The incidence of insomnia and obstructive sleep apnea (OSA) in service members is increasing. “Between 2005 and 2019, incidence rates of OSA and insomnia increased from 11 to 333 and 6 to 272 (per 10,000), respectively.” The incidence rates have “markedly increased” since 2005 [see Moore, et. al. (2021), Incidence of Insomnia and Obstructive Sleep Apnea in Active Duty United States Military Service Members. Sleep, doi: 10.1093/sleep/zsab024]. However, the evidence for service connection is not based on incidence rates alone. Significant associated factors that reflect both a causal relationship and substantial aggravation have been identified in the research literature. There is scientific evidence supporting a link between psychiatric disorders (ex: PTSD) and sleep apnea. The research literature establishes that PTSD is commonly associated with sleep apnea and that there is an arousal-based mechanism initiated by PTSD that promotes the development of sleep apnea in trauma survivors. Sharafkhaneh, et. Al. (2005), in the article Association of Psychiatric Disorders and Sleep Apnea in a Large Cohort (SLEEP, Vol. 28, No. 11, 2005) found that sleep apnea is associated with a higher prevalence of psychiatric comorbid conditions in Veterans Health Administration beneficiaries, including PTSD. Compared with patients not diagnosed with sleep apnea, a significantly greater prevalence (P < .0001) was found for posttraumatic stress disorder in patients with sleep apnea. The research supports the presence of a significant connection between PTSD and sleep apnea, including an arousal-based mechanism initiated by PTSD that promotes the development of sleep apnea in trauma survivors: This is supported by the article Krakow, B., Melendrez, D., Warner, T.D. et al. To Breathe, Perchance to Sleep: Sleep-Disordered Breathing and Chronic Insomnia Among Trauma Survivors. Sleep Breath 6, 189–202 (2002): Emerging evidence invites a broader comorbidity perspective, based on recent findings that post-traumatic sleep disturbance frequently manifests with the combination of insomnia and a higher-than-expected prevalence of sleep-disordered breathing (SDB). In this model of complex sleep disturbance, the underlying sleep pathophysiology interacts with PTSD and related psychiatric distress; and this relationship appears very important as demonstrated by improvement in insomnia, nightmares, and post-traumatic stress with successful SDB treatment, independent of psychiatric interventions. Continuous positive airway pressure treatment in PTSD patients with SDB reduced electroencephalographic arousals and sleep fragmentation, which are usually attributed to central nervous system or psychophysiological processes. Related findings and clinical experience suggest that other types of chronic insomnia may also be related to SDB. We hypothesize that an arousal-based mechanism, perhaps initiated by post-traumatic stress and/or chronic insomnia, may promote the development of SDB in a trauma survivor and perhaps other patients with chronic insomnia. We discuss potential neurohormonal pathways and neuroanatomatical sites that may be involved in this proposed interaction between insomnia and SDB. These neurobiological processes are further reviewed by Kelly, et. al. (2016) in the article Understanding Recent Insights in Sleep and Posttraumatic Stress Disorder from a Research Domain Criteria (RDoC) Framework (Curr Sleep Medicine Rep, 2016, 2:223–232). They note that PTSD is associated with sleep disturbances, including insomnia, nightmares, REM abnormalities and “sleep-disordered breathing” such as in sleep apnea. They note that “recent studies have expanded our knowledge of the neurobiology of trauma and sleep. In addition, intervention research has provided valuable information about how sleep treatments affect PTSD symptoms and how PTSD treatments affect sleep symptoms.” Chronic activation of stress hormones (hypothalamo-pituitary adrenal axis activity) caused by PTSD is known to lead to a neural sensitization leading to upper airway dysfunction such as sleep apnea. [see van Liempt, et. al. (2013) Sympathetic activity and hypothalamo-pituitary-adrenal axis activity during sleep in post-traumatic stress disorder: A study assessing polysomnography with simultaneous blood sampling. Psychoneuroendocrinology, 38(1), 155-165; and Kritikou, et. al. (2016) Sleep apnoea and the hypothalamic-pituitary-adrenal axis in men and women: effects of continuous positive airway pressure. European Respiratory Journal, 47(2):531-540.] Colvonen, et. al. (2015) [see Obstructive Sleep Apnea and Posttraumatic Stress Disorder among OEF/OIF/OND Veterans; Journal of Clinical Sleep Medicine 11(5):513-518] found that “PTSD symptom severity increased the risk of screening positive for OSA.” The authors concluded that “veterans with PTSD screen as high risk for OSA at much higher rates…” Zhang, et. al. (2017) [see Prevalence of obstructive sleep apnea in patients with posttraumatic stress disorder and its impact on adherence to continuous positive airway pressure therapy: a meta analysis; Sleep Medicine, 36:125-132] performed a metal-analysis and concluded the OSA is commonly seen in patients with PTSD. They noted that “patients with PTSD and OSA demonstrated significantly lower adherence to CPAP therapy.” There is ample evidence that treating OSA improves PTSD symptoms. In Orr, et. al. (2017) Treatment of OSA with CPAP is Associated with Improvement in PTSD Symptoms Among Veterans; J Clin Sleep Med, 13(1):57-63, the authors describe “a growing body of research has suggested a link between obstructive sleep apnea and PTSD” and “prevalence estimations for OSA in PTSD patients range from 52% to 69%, with some as high as 95%.” They note “treatment of OSA with PAP therapy is associated with improvement in PTSD symptoms.” They note one factor is that “treatment of OSA with CPAP appears to reduce the frequency of nightmares in PTSD patients.” The authors concluded that sleep apnea treatment “should be considered an important component of PTSD treatment for those with concurrent OSA.” Psychiatric concerns in general have been noted to be associated with sleep apnea. Rezaeitalab, et. al. (2014) [see The correlation of anxiety and depression with obstructive sleep apnea syndrome, Journal of Research in Medical Sciences, Mar; 19(3): 205–210] studied individuals with obstructive sleep apnea. They found that “53.9% of the individuals had some degree of anxiety, while 46.1% demonstrated depressive symptoms. In terms of OSAS severity, this study showed that OSAS severity was associated with the frequency of anxiety, choking, and sleepiness (P : 0.001). According to polysomnographic results, we found that the majority of patients suffering from anxiety and choking (66.7% and 71.4%, respectively) had severe OSAS.” Jehan, et. al. (2017) [see Depression, Obstructive Sleep Apnea and Psychosocial Health, Sleep Med Disord, 1(3): 12] note that “there is a co-linear relationship between” obstructive sleep apnea and depression.” Patients with OSA have impaired health and their psychosocial health and daily performance also decrease. They note “because disturbed sleep can cause poor concentration, mood problems, anxiety, and MDD, these factors are also the part of poor daytime performance.” Some postulate that weight gain may be a primary cause of sleep apnea, however it is interesting to note that treating sleep apnea with CPAP often actually leads to more weight gain, not less weight gain [see de Milo and Genta (2016), Continuous Positive Airway Pressure and Weight Gain: Do We Know the Mechanisms? American Journal of Respiratory and Critical Care, 194(7): 915].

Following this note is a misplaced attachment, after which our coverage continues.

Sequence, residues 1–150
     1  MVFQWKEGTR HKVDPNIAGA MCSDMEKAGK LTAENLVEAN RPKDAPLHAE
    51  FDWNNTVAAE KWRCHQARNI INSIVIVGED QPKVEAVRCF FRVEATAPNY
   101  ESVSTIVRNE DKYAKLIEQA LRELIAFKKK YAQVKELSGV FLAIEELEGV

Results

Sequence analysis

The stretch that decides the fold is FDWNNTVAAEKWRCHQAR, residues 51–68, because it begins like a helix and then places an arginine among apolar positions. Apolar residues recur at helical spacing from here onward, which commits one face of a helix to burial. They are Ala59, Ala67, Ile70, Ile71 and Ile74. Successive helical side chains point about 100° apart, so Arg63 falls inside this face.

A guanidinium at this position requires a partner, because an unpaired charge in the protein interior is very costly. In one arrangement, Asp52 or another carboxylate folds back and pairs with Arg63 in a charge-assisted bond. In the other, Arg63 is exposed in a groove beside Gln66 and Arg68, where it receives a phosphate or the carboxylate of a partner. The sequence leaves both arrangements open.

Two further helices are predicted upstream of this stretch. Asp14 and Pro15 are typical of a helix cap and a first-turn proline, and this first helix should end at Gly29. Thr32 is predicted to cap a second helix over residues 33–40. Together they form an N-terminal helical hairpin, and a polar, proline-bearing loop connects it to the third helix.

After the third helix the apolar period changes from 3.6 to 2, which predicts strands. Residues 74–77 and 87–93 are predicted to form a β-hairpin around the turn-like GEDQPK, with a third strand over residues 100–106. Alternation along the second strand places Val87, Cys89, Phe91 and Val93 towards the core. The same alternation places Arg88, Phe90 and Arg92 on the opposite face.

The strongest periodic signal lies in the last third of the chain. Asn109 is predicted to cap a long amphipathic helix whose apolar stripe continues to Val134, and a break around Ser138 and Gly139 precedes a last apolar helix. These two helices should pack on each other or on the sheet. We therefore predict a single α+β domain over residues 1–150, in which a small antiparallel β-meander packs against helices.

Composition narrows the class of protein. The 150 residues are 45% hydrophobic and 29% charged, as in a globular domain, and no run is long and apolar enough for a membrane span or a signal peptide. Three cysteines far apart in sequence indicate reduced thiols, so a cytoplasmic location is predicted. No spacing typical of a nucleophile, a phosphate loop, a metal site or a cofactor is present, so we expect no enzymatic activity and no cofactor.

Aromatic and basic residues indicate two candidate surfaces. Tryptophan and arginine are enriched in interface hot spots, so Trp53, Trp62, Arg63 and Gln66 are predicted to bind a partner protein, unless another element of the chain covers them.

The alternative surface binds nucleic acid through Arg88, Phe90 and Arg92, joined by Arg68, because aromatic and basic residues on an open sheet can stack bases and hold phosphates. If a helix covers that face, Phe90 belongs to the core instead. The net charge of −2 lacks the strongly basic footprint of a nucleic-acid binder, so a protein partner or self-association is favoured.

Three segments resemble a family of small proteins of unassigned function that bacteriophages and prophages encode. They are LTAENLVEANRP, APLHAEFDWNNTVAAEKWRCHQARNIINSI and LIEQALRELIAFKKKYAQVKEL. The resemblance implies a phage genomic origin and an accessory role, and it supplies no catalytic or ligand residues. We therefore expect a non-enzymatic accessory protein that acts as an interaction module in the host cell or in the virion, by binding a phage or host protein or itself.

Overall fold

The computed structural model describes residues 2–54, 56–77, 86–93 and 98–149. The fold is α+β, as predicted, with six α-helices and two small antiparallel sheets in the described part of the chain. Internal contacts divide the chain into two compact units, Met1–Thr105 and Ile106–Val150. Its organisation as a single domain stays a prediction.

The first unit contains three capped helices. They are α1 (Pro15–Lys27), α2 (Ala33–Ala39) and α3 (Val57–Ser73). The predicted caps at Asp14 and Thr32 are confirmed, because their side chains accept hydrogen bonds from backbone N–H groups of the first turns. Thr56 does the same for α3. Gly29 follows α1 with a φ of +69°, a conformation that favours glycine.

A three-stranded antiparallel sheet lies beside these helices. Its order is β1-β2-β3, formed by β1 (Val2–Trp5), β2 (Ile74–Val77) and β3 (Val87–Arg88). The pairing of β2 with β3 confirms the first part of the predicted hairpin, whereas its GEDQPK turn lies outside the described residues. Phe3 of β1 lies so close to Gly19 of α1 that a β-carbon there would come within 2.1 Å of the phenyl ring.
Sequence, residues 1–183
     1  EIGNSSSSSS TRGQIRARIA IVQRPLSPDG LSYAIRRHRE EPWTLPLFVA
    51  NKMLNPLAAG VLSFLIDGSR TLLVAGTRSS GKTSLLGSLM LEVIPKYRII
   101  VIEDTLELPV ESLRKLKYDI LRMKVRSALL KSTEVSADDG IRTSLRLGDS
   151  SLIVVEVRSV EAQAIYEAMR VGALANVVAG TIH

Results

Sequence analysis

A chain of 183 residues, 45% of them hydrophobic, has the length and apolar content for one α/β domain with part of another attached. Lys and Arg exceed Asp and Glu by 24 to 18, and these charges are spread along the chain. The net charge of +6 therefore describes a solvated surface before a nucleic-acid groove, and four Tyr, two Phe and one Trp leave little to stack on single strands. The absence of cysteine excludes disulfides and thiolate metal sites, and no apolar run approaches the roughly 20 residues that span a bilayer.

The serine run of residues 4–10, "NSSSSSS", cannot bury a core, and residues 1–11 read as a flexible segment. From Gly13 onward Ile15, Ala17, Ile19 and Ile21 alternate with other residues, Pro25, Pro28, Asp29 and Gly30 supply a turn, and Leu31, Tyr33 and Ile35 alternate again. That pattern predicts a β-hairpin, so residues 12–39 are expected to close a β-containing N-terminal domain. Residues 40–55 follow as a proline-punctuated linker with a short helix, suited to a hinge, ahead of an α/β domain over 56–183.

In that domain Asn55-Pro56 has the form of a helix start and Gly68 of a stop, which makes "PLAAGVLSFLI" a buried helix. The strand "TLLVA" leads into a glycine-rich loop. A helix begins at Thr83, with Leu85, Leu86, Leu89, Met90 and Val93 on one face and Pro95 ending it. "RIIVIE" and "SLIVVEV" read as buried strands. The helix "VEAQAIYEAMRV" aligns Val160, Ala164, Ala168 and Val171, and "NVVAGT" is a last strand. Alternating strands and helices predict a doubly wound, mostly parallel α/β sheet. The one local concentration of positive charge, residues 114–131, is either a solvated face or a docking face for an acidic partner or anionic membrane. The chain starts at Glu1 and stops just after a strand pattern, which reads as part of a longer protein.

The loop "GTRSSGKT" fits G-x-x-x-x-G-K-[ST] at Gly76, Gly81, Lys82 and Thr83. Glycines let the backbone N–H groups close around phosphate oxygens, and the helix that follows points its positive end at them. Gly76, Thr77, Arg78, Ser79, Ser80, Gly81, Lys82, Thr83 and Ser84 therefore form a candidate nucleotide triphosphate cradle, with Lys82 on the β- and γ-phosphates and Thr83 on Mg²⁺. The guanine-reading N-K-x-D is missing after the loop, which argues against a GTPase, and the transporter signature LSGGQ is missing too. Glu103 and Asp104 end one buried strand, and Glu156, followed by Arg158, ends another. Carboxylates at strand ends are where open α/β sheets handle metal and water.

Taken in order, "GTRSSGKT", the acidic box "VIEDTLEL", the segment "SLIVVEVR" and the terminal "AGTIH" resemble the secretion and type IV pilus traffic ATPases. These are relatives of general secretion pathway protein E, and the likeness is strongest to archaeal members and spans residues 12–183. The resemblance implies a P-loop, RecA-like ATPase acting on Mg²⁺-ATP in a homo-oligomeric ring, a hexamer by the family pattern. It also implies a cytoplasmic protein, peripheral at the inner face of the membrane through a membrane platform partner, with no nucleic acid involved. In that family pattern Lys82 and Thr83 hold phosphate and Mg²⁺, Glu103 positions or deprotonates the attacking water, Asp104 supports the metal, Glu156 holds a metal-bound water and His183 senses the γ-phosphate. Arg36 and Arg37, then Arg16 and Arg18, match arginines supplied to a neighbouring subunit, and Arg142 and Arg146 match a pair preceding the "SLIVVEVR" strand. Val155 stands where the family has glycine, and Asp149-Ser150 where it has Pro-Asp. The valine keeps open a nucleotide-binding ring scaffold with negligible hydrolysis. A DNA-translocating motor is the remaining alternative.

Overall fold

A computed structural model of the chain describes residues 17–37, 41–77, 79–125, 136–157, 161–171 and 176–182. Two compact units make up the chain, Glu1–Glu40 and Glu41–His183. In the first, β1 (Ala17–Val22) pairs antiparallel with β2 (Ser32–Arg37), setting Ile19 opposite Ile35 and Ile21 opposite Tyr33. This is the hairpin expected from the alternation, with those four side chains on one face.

A classic but outdated view of OSA is that it is only structural, caused by obstruction of the upper airways and is predominantly found in overweight individuals. However, it would be an error to suggest that Veterans’ weight gain occurs in a vacuum. Factors associated with psychiatric disturbance/PTSD likely significantly contribute to obesity. The scientific literature links psychiatric disturbance to decreased activity and emotional eating which can lead to weight gain. While weight gain potentially contributing to sleep apnea could also likely be due to psychiatric disturbance, it would be an error to rely on opinions that sleep apnea was simply due to being overweight. This is not consistent with the current state of the scientific literature. In fact, neither being overweight nor the presence of structural abnormalities fully explains the presence of sleep apnea in a substantial number of cases. Being overweight is not sufficient to explain the existence of sleep apnea in many individuals. Simply suggesting that OSA was due to being overweight would reflect an overly simplistic and mechanistic view of sleep and obstructive sleep apnea which does not reflect the current state of the science. It would overlook the sleep regulating functions of the brain and the impact of psychiatric disturbance on the sleep regulating functions of the brain, including arousal-based mechanisms associated with sleep apnea. In fact, the scientific literature tells us that “a substantial portion” of patients with obstructive sleep apnea are “not obese” (Gray et. al. 2017). The authors of a 2017 study note that “a substantial proportion of OSA patients are not obese. Non-obese patients with OSA are a challenging group to treat with existing therapies… Our data also indicate that a key nonanatomical contributor to OSA pathogenesis, a low threshold for arousal, is likely to be particularly important in the pathogenesis of OSA in non-obese patients with OSA. A greater propensity for awakening in nonobese patients with OSA may also be a physiological factor contributing, at least in part, to poor CPAP tolerance in these patients. These findings have important implications for the treatment of OSA in nonobese individuals.” (Gray, et. al., 2017). In addition, “arousal” plays a significant role in sleep apnea [see Gray, et. al. (2017) Obstructive Sleep Apnea without Obesity Is Common and Difficult to Treat: Evidence for a Distinct Pathophysiological Phenotype; Journal of Clinical Sleep Medicine, 13(1): 81-88]. PTSD is linked to sleep apnea directly, but it is also linked more indirectly through weight gain, which is also associated with sleep apnea. PTSD negatively impacts motivation (ex: reducing activity) and can lead to overeating. PTSD increases the risk for obesity, which in turn further increases the risk for obstructive sleep apnea. Veterans’ weight gain often occurs in the context of PTSD. Subthreshold and threshold post-traumatic stress disorder (PTSD) are associated with binge eating symptoms in both men and women based on: Braun J, El-Gabalawy R, Sommer JL, Pietrzak RH, Mitchell K, Mota N. Trauma exposure, DSM-5 posttraumatic stress, and binge eating symptoms: results from a nationally representative sample. The Journal of Clinical Psychiatry. 2019;80(6):19m12813. Hoerster, et. al. (2015) noted in “PTSD and depression symptoms are associated with binge eating among US Iraq and Afghanistan veterans” [see Eating Behaviors; Volume 17, April 2015, Pages 115-118] that “PTSD and depression are common conditions among Iraq/Afghanistan Veterans. In the present study, PTSD and depression symptoms were associated with meeting binge eating screening criteria, identifying a possible pathway by which psychiatric conditions lead to disproportionate burden of overweight and obesity in this Veteran cohort.” Doerflinger & Masheb (2018), in the research article “PTSD is associated with emotional eating among veterans seeking treatment for overweight/obesity” [see Eating Behaviors, Volume 31, December 2018, Pages 8-11] presented findings that “suggest that emotional eating is common among veterans reporting PTSD symptoms, and that any degree of PTSD symptom severity is associated with more frequent emotional eating.”